Smart Little Gizmo Even Smarter
Halmstad University (Sweden) (07/07/10) Lunden, Lena
Halmstad University's Bjorn Nilsson is leading an effort to improve smart radio frequency identification (RFID) technology by developing an active RFID tag with a single circuit. The protocol for communication over a single circuit would ensure that if multiple tags pass a reader at the same time, all tags would be read at once. Nilsson has already developed the protocol to reduce the energy use of active RFID tags and make batteries last longer. The protocol would make active RFID tags as much as 60 percent more efficient, and possibly make them easier to produce and lower their cost. "This is what my research is about: How readers and multiple tags talk to each other at the same time, effectively and without causing confusion," Nilsson says. "You also want the tags to use as little energy as possible." Nilsson is developing the technology with Halmstad colleague Emil Nilsson and Chalmers University of Technology's Lars Bengtsson.
Japanese Supercomputer Ranked 1st in Little Green500 List
Tech-On! (07/08/10) Nozawa, Tetsuo
Japan's Grape-DR supercomputer tops the June edition of Green500.org's Little Green500 list, which ranks the performance per unit power consumption of smaller-scale supercomputers. Developed by the University of Tokyo and the National Astronomical Observatory of Japan, Grape-DR has a performance per unit power consumption of 815.43 MFLOPS/W, which is about 5 percent higher than the 773.38 MFLOPS/W of the second-ranked IBM system located in Germany. Grape-DR combines Intel's Core i7-920 microprocessors and the Grape-DR accelerator chip, which realizes a double-precision performance of 200 GFLOPS with a power consumption of 50W. The computing performance of the Grape-DR supercomputer system is 23.4 TFLOPS, which just misses the 24.67 TFLOPS mark required to be ranked 500th in the latest version of the Top500 ranking of supercomputers. The Grape-DR's designers say that by adding more memory and boosting the interconnect speed, it is possible to enhance the performance per unit power consumption by about 50 percent within this year.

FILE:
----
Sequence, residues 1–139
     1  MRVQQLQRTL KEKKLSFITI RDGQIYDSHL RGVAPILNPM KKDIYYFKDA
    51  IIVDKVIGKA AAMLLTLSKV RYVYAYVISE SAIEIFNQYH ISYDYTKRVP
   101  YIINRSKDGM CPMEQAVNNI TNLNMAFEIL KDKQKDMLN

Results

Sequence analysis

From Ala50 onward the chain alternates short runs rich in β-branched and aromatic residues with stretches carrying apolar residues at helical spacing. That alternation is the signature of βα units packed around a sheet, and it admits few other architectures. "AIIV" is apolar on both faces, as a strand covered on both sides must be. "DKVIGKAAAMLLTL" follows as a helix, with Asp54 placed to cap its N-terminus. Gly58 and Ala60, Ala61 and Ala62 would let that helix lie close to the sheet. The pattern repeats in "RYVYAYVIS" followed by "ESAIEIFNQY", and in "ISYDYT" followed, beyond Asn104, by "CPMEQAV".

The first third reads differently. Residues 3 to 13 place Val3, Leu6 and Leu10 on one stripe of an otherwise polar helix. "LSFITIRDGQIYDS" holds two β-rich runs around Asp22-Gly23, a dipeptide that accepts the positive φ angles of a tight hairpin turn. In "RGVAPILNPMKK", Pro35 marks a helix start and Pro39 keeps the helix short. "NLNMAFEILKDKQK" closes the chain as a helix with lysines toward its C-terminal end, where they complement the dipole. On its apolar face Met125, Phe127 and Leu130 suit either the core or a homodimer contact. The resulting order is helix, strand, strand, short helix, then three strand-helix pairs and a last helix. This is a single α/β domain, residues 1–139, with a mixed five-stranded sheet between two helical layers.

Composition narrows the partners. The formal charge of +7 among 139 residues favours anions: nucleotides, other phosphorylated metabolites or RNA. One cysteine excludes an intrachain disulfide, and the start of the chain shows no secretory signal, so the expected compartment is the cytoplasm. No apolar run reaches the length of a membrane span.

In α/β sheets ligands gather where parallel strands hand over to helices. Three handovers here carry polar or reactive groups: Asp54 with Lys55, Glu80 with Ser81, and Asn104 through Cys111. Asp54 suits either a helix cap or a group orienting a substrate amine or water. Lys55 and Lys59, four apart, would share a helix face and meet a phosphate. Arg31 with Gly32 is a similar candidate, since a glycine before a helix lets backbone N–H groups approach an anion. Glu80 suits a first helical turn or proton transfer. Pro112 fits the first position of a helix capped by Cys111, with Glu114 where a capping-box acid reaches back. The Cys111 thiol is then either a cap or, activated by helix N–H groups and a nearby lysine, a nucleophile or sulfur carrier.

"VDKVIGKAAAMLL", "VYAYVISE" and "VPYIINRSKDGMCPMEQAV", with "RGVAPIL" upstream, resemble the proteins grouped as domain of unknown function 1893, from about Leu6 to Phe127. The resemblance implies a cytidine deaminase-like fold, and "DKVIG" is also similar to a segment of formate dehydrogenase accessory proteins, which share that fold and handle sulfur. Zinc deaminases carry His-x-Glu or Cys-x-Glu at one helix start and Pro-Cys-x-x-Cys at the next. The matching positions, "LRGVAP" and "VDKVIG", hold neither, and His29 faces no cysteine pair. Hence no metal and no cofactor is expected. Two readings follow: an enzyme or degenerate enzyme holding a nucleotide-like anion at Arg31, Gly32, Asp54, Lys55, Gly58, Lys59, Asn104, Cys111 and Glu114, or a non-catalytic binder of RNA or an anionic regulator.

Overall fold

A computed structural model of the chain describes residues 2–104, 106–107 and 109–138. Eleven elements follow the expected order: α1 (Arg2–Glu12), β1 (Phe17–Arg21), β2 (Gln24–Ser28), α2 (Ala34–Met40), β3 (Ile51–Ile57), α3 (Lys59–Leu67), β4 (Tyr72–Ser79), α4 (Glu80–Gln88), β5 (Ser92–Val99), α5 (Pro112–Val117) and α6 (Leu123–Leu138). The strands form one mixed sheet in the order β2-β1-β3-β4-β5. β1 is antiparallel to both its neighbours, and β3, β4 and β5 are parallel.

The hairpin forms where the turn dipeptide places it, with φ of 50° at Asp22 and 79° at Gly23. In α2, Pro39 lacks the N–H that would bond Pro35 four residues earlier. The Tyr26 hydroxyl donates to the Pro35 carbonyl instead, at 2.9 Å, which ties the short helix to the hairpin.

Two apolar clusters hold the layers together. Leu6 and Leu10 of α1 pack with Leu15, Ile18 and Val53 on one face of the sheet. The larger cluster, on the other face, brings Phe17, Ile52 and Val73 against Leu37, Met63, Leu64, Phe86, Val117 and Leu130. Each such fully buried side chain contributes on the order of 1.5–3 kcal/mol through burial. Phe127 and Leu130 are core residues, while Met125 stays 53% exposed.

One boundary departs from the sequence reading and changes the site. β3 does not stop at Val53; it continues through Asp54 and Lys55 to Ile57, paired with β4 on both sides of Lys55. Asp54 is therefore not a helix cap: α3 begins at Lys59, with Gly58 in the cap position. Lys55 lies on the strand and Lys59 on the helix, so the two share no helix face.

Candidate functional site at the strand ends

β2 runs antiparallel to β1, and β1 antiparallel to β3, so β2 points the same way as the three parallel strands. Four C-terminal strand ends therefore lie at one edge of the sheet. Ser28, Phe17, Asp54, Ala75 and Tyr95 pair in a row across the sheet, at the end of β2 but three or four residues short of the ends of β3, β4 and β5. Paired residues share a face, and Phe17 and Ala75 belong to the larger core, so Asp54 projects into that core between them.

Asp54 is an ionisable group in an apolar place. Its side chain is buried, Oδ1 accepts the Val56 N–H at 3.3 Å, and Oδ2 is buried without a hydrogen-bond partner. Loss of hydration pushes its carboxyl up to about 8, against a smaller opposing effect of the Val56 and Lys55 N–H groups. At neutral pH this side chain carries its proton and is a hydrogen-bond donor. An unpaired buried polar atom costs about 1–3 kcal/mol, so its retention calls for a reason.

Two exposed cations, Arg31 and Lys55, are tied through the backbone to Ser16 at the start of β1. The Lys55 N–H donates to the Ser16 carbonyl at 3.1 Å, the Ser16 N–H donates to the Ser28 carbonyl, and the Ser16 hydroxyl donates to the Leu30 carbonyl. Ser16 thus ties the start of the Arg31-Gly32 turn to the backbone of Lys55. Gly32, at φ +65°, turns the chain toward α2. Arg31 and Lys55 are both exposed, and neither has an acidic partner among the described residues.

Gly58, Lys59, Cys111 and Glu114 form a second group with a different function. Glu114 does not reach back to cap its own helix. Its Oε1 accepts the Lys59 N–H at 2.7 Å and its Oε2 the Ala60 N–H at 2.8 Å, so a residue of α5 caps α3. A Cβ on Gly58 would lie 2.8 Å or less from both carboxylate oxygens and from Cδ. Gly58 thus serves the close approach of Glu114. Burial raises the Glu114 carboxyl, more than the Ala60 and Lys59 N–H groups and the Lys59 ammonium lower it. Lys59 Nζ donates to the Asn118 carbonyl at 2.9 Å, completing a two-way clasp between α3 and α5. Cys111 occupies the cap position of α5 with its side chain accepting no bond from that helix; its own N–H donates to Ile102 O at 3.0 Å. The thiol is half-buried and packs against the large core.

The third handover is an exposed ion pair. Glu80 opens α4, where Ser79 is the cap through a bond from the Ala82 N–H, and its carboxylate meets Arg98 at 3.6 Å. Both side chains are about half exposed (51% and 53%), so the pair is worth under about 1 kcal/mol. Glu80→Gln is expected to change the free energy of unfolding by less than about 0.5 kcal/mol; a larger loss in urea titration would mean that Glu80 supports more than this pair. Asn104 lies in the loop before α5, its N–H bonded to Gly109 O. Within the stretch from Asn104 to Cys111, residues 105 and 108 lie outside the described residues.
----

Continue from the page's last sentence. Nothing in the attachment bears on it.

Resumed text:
Machine Versus Manhole
Science News (07/07/10) Ehrenberg, Rachel
In 2004, Con Edison began an inspection program with the goal of finding the places in New York City's network of electrical cable that are most likely to lead to exploding manhole covers. The company also called on a team of Columbia University researchers to help in predicting which of the manholes might be the next to blow. The scientists began working on an algorithm that seeks to identify subterranean trouble spots. "To us it was like solving an ancient puzzle, but one that we weren't sure we were going to crack, and one that nobody had solved before," says Massachusetts Institute of Technology's Cynthia Rudin, who led the study when she was at Columbia. The researchers started by ranking the manholes by vulnerability to serious events, such as fires and explosions. The algorithm was designed to learn from past records and find meaningful patterns, which would enable it to predict the likelihood that a particular manhole would have a future accident. The researchers developed a hot-spot theory based on the finding that manholes with larger cables--and thus more insulation that was prone to decay and sparking--were more vulnerable to serious events. Con Edison is now using the algorithm to help prioritize inspections and repairs.